It’s been 27 years since Flatliners (1990) hit our screens, and now we are welcoming the sequel/remake of sorts to the not-so-well received original film, that had a mixed reception upon its initial release.
Who’s to say the idea can’t work in 2017 right? Wrong. The now flooded market of remakes, reboots and scattered sequels has us questioning the ability, and creative integrity of modern-day screenwriters and their ability to create new ideas. The revived sequel unfortunately makes a mess of the original narrative, brooding Hollywood charm but lacking any real depth in story, allowing only a shallow and misdiagnosed sense of intrigue for what is an immensely immature, cold and tedious display of a drama/science-fiction film.
From the outset Flatliners doesn’t wait around when it comes to its core concept, and within 30 minutes the central idea of the film has been explored and exhausted. The potential of understanding the afterlife is explained by Courtney, a student doctor played by Ellen Page and her friends, who are also student doctors. Marlo (Nina Dobrev), Ray (Diego Luna), Jamie (James Norton) and Sophia (Kiersey Clemons) are initially captivated by her work and proceed in helping her by becoming further involved in her study, as well as for personal gain. The concept lacks bite – there is no real attraction to the plot after the first act as most of the film is spent back in the real world, dealing with the after-effects of temporarily entering the afterlife, and finding the rhyme or reason as to why each participant is experiencing strange visions and hallucinations, which are somehow connected to their experiences from the past, taunting each member of the group and proving dangerous to their life in reality. Entering the afterlife has somehow opened a door which they can’t shut and now it’s proving deadly.
It ends up being more soapy than science-fiction, which makes for a teen-drama experience similar to that of Twilight (2008) after the first 30 minutes. The film is unimaginably lacklustre and prosaic when what is supposed to be an exploration of dark elements tied to the afterlife, turns out to be more Final Destination (2000) than anything, with a pick-off system approaching each character – will each one of them survive? It falls short when the central themes and ideas of the film are stronger than that of the actual narrative.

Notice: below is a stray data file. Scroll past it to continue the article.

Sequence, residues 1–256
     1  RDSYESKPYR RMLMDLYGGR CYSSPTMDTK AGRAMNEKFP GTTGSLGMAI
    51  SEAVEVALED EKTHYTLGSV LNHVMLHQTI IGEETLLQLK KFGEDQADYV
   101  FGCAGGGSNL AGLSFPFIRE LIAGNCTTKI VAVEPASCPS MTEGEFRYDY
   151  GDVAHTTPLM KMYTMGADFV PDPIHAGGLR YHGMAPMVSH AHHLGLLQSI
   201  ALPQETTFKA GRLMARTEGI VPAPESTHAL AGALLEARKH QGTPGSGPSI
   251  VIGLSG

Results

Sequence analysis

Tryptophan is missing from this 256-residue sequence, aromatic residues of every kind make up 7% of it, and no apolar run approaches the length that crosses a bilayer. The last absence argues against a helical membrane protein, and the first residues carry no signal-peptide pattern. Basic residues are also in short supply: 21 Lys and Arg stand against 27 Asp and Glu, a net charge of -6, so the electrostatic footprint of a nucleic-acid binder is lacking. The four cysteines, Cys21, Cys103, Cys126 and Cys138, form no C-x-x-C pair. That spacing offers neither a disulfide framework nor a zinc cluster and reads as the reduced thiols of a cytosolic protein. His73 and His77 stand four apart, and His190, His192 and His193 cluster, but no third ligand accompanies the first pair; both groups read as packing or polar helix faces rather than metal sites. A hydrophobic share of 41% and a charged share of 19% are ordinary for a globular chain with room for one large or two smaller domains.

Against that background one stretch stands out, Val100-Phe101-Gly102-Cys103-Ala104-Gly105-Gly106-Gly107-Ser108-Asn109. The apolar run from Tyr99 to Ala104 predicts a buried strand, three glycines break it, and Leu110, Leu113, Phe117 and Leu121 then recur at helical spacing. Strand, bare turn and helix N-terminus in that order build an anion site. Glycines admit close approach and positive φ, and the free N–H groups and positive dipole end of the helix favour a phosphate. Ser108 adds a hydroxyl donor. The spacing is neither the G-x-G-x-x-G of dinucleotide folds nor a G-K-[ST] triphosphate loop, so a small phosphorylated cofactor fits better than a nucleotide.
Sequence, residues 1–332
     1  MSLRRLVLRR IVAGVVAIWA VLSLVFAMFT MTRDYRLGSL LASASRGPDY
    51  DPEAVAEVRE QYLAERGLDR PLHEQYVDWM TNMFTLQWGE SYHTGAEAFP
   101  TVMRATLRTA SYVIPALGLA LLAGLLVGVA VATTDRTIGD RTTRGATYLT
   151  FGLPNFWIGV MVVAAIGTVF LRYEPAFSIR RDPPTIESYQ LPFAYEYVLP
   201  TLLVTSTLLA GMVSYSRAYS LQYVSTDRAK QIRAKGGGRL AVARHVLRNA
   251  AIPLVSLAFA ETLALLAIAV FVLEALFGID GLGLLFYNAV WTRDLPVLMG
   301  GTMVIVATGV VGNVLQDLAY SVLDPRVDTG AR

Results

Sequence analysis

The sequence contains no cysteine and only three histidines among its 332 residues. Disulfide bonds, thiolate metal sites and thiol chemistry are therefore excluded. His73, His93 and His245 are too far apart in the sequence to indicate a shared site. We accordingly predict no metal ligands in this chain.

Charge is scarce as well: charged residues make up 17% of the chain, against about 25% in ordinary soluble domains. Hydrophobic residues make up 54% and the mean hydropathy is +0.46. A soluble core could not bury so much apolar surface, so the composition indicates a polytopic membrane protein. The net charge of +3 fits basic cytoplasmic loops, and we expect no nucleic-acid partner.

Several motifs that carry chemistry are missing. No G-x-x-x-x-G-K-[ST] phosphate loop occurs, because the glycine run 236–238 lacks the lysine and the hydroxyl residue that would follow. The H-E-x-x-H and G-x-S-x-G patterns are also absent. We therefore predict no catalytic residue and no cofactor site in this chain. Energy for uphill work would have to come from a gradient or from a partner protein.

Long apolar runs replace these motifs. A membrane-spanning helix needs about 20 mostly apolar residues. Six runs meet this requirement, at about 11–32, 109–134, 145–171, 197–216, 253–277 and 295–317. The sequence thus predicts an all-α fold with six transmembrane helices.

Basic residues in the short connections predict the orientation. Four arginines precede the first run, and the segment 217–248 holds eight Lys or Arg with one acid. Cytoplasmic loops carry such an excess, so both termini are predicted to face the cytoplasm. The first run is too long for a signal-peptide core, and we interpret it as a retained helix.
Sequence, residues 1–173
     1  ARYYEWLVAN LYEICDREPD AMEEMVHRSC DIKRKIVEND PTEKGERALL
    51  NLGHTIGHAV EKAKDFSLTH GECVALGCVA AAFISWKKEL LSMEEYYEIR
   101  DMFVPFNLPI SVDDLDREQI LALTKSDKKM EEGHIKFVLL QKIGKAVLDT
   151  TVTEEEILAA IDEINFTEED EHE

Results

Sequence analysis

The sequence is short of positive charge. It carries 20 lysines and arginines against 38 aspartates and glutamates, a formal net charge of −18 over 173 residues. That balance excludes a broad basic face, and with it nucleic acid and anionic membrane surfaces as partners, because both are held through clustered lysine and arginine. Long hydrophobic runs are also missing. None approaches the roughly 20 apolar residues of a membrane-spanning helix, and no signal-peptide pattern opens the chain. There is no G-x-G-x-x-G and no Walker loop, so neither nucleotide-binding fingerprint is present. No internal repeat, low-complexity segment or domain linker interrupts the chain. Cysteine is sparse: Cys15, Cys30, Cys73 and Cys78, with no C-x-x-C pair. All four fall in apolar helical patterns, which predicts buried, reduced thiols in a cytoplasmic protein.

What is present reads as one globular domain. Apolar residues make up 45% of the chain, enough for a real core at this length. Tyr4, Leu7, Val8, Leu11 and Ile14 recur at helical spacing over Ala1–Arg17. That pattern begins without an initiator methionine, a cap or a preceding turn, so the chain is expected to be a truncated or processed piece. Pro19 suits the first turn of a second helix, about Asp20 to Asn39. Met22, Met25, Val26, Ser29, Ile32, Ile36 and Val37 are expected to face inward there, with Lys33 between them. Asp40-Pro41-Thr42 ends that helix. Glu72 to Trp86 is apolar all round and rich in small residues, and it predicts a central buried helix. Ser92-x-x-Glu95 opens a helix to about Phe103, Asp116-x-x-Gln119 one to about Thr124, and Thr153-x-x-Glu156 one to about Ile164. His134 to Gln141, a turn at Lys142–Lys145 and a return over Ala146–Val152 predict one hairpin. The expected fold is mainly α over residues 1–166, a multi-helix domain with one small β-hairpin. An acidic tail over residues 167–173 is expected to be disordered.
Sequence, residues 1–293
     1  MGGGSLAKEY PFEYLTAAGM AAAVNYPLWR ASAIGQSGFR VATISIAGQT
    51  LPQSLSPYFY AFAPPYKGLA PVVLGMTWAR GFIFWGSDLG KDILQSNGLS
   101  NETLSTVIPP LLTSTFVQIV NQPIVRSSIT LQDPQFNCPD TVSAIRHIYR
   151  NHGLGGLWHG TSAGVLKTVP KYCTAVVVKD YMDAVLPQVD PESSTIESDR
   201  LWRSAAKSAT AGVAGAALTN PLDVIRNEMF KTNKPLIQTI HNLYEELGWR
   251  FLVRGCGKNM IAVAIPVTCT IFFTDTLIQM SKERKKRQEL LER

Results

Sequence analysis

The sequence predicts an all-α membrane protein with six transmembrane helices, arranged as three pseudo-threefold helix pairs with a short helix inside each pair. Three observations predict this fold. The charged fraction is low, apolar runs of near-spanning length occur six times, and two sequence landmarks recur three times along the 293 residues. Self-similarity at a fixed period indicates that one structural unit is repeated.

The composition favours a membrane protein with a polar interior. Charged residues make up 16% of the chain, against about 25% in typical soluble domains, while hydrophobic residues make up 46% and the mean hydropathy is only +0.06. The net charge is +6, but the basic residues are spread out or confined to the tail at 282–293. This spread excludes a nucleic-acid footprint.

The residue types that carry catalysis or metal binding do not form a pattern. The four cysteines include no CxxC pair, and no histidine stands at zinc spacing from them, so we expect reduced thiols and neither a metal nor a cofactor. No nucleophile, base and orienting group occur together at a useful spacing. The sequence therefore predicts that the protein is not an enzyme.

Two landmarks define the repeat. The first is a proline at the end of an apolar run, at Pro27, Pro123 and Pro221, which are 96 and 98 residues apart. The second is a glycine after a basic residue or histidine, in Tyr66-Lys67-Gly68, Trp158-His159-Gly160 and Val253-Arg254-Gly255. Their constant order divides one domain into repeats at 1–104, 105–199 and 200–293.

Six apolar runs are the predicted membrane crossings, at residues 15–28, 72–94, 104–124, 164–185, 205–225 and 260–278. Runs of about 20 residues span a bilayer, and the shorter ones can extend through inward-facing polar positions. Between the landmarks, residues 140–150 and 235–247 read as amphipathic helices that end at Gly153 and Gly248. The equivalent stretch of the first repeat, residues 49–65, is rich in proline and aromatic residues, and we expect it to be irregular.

The cast consisting of really only one big name struggles to ground or give any reality to the situation or events transpiring throughout the film. Ellen Page gives a moderate performance, one of her weakest to date, with the rest of the cast fumbling and giving what is an almost comic display of doctoral and science-fiction integrity. The script provides no punch, or educated humour, with many unnecessary scenes almost making fun of the screenplay – and poking fun at the actors whilst doing so!
The directing done by Niels Arden Oplev (best known for his original Swedish-language Girl with the Dragon Tattoo film) provides a clean and well cut remake (or rehash) of the original, paying homage to it in some very similar scenes. There is a strong millennial vibe for a younger and youthful cast – more hip you could say – then that of its predecessor, which played more at an adult-thriller tone than that of a teen-drama. The dive from serious medical diagnosis and respect for science leads to predictability in the plot and a nosedive from anything interesting, leading to cliche’s of all modern horror tropes and ploys.
It seems as if Flatliners is a modern take on the original – a not so needed take – and maybe unwanted after its opening weekend numbers. But what the modern Flatliners seems to forget, and so does Hollywood, is that a compelling story is needed for a great premise to blossom. The film falls flat, pulseless, with no heart or thematic structure and denies the audience any attractive story to latch onto.
Don’t expect anything special from this one ladies and gentleman, move on. May it rest in peace.
This movie is not a sequel to the 1990 movie. It is a remake, a re-imagining, or a version of the previous movie and has no other connection to it at all. Although Kiefer Sutherland appears in both versions, he plays two different characters.